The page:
Duration of IV antibiotic therapy for pneumonia - Tips from Other Journals

Author: Linz Audain
Date: Feb 15, 1997

The treatment of community-acquired pneumonia typically involves a course of intravenous and oral antibiotic therapy administered over several days. Few studies, however, have addressed the optimal duration of the intravenous and oral aspects of this therapy. Siegel and colleagues conducted a study to determine the optimal duration of intravenous therapy for community-acquired pneumonia that would result in an equivalent therapeutic outcome and cost to the health care system.

In this study, community-acquired pneumonia was defined by the presence of a new pulmonary infiltrate on chest radiograph, as well as by clinical history or signs and symptoms of pneumonia. Seventy-three patients with community-acquired pneumonia were randomized to three treatment groups. Patients in groups 1, 2 and 3 were given two, five and 10 days of intravenous therapy and eight, five and zero days of oral antibiotic therapy, respectively. Intravenous antibiotic therapy consisted of cefuroxime, 750 mg every eight hours. Oral antibiotic therapy consisted of cefuroxime axetil, 500 mg every 12 hours.

Although patients were discharged at the discretion of their attending physicians, patients were evaluated by one of the investigators between days 10 and 14 and again between days 26 and 28. Patients were considered to be therapeutic successes if fever, leukocytosis and chest infiltrate were absent by day 28 of the study.

Because of withdrawals, therapeutic failures (e.g., pneumococcal septic shock 24 hours after admission) and recording irregularities, the clinical outcome analysis was based on 48 patients. Clinical outcome did not differ among the three treatment groups with regard to fever, leukocytosis or chest radiograph resolution. On average, patients classified as therapeutic successes were afebrile within three days and without leukocytosis within four days of treatment. Chest infiltrates had resolved in 83 percent of patients by week 4.

Cost analysis was based on cost and length of hospital stay data obtained from the study site as well as from all Department of Veterans Affairs facilities using the DVA-maintained database of all inpatients. Length of stay analysis was performed for 46 study patients with a length of hospital stay of 12 days or less. The average length of stay for groups 1, 2 and 3 was six, eight and 11 days, respectively. The difference between each group was significant. The authors estimate a cost savings of $95.5 million for the Department of Veterans Affairs and $2.9 billion for private hospitals if community-acquired pneumonia is treated with a two-day intravenous regimen followed by oral antibiotic therapy.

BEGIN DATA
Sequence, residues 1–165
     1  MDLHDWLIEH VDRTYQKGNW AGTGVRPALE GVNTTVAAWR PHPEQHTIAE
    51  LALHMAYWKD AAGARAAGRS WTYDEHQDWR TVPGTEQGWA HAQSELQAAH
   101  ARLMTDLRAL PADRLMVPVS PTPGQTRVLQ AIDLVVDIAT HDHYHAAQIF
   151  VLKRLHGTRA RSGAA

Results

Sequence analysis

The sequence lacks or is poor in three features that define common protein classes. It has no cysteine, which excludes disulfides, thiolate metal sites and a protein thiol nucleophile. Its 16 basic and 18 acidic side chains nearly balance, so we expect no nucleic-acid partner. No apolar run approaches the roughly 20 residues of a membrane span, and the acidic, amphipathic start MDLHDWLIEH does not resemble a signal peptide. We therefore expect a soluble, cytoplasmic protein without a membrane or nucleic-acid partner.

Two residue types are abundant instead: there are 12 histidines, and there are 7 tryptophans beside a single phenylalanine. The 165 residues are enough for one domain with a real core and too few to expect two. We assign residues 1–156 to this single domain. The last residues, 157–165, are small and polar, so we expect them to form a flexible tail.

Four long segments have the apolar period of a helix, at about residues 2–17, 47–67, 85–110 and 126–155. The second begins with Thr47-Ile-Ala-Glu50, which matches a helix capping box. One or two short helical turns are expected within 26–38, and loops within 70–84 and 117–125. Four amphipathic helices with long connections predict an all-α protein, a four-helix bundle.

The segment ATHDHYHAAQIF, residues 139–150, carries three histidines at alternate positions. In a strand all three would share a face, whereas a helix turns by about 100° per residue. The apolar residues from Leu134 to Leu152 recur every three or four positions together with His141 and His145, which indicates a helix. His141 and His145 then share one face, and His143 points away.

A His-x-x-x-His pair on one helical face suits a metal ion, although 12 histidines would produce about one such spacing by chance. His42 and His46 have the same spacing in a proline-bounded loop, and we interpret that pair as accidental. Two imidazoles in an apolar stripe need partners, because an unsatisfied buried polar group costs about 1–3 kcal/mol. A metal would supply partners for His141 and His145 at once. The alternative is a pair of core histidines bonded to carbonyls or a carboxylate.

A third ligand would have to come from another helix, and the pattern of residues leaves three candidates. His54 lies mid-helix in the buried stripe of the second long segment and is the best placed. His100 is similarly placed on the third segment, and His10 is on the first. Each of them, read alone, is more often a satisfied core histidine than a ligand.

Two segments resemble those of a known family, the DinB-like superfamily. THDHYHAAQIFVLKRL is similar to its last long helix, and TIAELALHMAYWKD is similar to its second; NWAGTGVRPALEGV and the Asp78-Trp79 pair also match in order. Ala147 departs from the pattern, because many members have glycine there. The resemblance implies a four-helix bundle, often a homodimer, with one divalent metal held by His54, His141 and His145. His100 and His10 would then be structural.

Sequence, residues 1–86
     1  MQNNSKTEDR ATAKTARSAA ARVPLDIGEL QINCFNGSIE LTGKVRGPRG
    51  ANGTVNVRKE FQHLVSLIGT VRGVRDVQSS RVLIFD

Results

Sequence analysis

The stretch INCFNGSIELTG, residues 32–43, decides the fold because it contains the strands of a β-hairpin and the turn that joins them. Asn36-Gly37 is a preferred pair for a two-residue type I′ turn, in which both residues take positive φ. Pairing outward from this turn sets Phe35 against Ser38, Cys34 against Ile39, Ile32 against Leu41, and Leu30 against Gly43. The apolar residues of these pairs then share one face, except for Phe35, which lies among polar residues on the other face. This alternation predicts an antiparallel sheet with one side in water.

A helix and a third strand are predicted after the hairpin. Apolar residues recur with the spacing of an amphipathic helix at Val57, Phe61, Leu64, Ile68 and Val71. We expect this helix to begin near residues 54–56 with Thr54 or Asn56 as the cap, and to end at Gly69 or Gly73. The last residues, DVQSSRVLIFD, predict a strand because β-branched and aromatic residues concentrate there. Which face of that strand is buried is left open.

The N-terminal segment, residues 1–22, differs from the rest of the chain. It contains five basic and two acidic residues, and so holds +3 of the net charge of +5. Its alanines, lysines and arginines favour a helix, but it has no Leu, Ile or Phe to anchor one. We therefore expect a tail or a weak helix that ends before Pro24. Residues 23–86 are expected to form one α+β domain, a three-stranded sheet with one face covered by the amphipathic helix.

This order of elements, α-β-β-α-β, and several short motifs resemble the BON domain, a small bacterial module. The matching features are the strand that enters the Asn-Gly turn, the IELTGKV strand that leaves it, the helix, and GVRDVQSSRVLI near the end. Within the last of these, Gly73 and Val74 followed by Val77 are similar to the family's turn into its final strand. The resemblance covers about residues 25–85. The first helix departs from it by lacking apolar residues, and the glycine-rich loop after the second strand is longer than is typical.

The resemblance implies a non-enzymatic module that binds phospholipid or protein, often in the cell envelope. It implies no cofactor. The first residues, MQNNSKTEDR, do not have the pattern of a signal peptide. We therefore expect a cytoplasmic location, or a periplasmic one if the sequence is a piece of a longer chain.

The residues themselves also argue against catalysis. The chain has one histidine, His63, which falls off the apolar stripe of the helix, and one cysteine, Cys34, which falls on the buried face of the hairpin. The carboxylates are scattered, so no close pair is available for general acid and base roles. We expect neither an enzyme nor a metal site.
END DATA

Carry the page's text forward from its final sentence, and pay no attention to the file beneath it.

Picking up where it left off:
The authors conclude that the optimal duration of intravenous antibiotic therapy for uncomplicated community-acquired pneumonia is two days, to be followed by oral antibiotic therapy. Intravenous therapy of longer duration increases the length of hospital stay and increases cost without changing the therapeutic outcome. The authors advocate larger studies with an increased female-to-male ratio of patients, a private sector setting and more intensive risk stratification to confirm their findings before these results are applied nationally.

Siegel RE, et al. A prospective randomized study of inpatient IV antibiotics for community-acquired pneumonia. The optimal duration of therapy. Chest 1996;110:965-71.

COPYRIGHT 1997 American Academy of Family PhysiciansCOPYRIGHT 2004 Gale Group

 
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